that the contents of the registers need to be shifted within one clock cycle which greatly
affects the maximum frequency (Fmax) of the design.
A design-for-debug infrastructure namely distributed reconﬁgurable fabric was
proposed  whose components can be distributed widely in the FPGA and can
debug a large number of signals. The reconﬁgurable logic is programmed to implement
various debug paradigms, such as assertions, signal capture and what-if analysis which
can accelerate the debugging process. However, still the design needs to be synthesized
and implemented after placement of the debug architecture and also needs signiﬁcant
hardware resources. A programmable logic core based debugging system  comprising an access network was introduced which can be controlled by the PLC to select
the signals required to be debugged.
In some intrusive debugging works [16, 17], the clock of the embedded design was
controlled to get debugging data however these works required breakpoints to stop the
clock and hence system state, very close to the breakpoint, could be monitored. An
intrusive debug approach  based upon stopping the clock by monitoring the
occupancy of trace buffers was proposed. However, the approach needs a lot of scarce
FPGA resources (1 MB RAM), emulation hardware, and also requires external intervention for data handling. In our previous work , we introduced a debugging
solution which required only 4 KB RAM for saving the data hence even small FPGAs
can be equipped with the debugging system with automated data saving process.
However, the debugging system is required to be instantiated before synthesis and PAR
process which in some case require a lot of time.
H. H. Khan et al.
From the above discussion, it is evident that clock management in response to
memory occupancy can be used to get a continuous, cycle accurate stream of debugging data. The above methodology can be augmented with DPR to save the time spent
on the iterative process of synthesis and PAR.
The main contributions of the work are:
• An access network associated device start and stop approach for complete debugging of microprocessors.
• Using DPR technique to employ our debugging system as a reconﬁgurable module
to the embedded design on requirement basis to reduce the time spent on iterative
PAR process of traditional debugging solutions.
3 Debugging Methodology
In this section, we will describe our methodology for a dynamic partial reconﬁgurable
debugging system for embedded processors based upon a device start and stop (DSAS)
approach. In this methodology, the device under test (DUT) is the static partition and
the debugging system is conﬁgured as the dynamic reconﬁgurable part. The embedded
processor can keep on performing the desired task without the debugging system if not
required. However, once required, the debugging system is dynamically conﬁgured to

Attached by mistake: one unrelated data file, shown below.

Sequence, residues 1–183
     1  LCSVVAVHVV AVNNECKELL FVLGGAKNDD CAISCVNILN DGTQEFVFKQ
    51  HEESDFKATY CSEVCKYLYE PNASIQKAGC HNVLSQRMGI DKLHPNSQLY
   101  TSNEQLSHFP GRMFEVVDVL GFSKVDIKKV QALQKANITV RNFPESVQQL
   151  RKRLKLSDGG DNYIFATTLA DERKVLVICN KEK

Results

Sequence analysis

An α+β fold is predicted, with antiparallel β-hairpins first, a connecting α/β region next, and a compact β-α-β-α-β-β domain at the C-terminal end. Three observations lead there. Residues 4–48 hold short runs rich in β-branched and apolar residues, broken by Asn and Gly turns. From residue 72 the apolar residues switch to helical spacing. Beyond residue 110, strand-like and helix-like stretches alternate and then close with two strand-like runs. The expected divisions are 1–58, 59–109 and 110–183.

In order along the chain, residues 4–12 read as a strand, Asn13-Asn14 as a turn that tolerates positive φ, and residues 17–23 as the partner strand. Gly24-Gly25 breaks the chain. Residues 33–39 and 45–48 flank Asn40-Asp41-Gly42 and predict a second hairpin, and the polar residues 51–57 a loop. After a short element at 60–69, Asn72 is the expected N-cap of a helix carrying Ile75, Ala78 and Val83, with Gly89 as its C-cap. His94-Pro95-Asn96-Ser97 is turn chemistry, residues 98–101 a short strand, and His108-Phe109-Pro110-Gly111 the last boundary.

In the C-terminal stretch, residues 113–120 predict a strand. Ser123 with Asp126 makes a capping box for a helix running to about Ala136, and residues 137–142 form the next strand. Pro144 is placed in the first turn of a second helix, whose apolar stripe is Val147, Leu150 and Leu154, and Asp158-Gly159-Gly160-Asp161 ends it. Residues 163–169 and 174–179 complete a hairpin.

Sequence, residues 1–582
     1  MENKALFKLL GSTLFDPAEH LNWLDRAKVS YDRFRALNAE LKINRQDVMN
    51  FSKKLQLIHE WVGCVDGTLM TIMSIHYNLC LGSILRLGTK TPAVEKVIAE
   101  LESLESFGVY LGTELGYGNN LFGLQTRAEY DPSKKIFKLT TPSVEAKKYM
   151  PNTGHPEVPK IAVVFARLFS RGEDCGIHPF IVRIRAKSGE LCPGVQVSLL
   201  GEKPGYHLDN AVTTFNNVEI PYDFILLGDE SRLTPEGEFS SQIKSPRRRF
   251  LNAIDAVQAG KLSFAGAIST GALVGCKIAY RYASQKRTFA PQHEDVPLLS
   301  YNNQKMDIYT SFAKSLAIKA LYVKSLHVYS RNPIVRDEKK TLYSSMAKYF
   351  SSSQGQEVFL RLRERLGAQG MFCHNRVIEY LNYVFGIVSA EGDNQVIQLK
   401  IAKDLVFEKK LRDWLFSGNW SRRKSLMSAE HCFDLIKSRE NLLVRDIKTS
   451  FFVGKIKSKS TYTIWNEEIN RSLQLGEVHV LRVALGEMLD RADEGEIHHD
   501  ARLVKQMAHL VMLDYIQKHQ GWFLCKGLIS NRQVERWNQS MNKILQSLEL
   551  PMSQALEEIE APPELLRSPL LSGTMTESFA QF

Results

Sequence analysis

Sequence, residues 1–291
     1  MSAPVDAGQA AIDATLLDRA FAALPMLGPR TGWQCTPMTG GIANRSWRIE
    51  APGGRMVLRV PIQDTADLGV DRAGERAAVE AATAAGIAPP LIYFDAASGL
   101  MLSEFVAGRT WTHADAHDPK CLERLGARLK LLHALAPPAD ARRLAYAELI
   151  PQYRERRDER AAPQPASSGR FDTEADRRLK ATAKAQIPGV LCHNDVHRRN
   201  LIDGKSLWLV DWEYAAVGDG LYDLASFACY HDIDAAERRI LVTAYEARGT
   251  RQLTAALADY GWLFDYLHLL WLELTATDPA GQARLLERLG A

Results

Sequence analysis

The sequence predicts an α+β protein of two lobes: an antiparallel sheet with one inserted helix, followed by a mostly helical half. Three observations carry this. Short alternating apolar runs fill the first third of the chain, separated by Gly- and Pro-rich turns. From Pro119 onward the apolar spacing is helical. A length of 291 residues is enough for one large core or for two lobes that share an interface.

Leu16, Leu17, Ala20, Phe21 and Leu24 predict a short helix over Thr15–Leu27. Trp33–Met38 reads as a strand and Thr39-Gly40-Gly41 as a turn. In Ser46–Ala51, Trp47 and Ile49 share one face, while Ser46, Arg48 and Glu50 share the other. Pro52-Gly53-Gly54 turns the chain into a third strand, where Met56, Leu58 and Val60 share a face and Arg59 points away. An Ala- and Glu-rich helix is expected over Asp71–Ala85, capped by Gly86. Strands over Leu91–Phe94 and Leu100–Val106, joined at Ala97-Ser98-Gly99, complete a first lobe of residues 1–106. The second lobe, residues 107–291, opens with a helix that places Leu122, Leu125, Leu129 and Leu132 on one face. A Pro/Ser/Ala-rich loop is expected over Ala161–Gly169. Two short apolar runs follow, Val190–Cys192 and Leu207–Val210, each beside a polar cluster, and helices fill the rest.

the design using partial bitstream, then it clocks the DUT present on the static partition
and performs data logging to the trace buffers. Once the trace buffers are full, the
debugging system stops the clock so that no data is lost and saves the data to external
memory during the intermediate period and once done it starts clocking the DUT again.
Hence providing a continuous, lossless, stream of data with effectively unlimited debug
window. Moreover, since the debugging system is installed to the design under test
(DUT) through a partial bitstream hence re-implementation of the design is not
required. Furthermore, the debugging data can be sent to the terminal using a UART or
Ethernet interface which is saved in a log ﬁle on the external devices can be used for
debugging based on open source waveform viewers like GTKWave. A block diagram
of the debugging methodology is shown in Fig. 1.
The main beneﬁts of the proposed technique are debugging of embedded processors due to no loss of debugging data, re-utilization of the same FPGA resources for
Signal set to be selected by the controller
May have thousands of
Device start/stop signal
Fig. 1. Debugging methodology
Data transfer either by
Ethernet or UART
An Intrusive Dynamic Reconﬁgurable Cycle-Accurate Debugging System
other applications thanks to DPR, no requirement of any speciﬁc data acquisition
interface (even a UART can be used) and no requirement of an external emulation
Furthermore, open-source waveform viewers are used subsequently removing the
dependency to use proprietary software. Hence, a cost-effective solution is presented.
Device Under Test (DUT)
The debugging solution is generic and can be used for any embedded design. However,
the methodology is ideally suited for complex embedded microprocessors where it is
difﬁcult to identify bugs in the absence of a continuous stream of lossless data. The
methodology has been validated by using two different embedded microprocessors as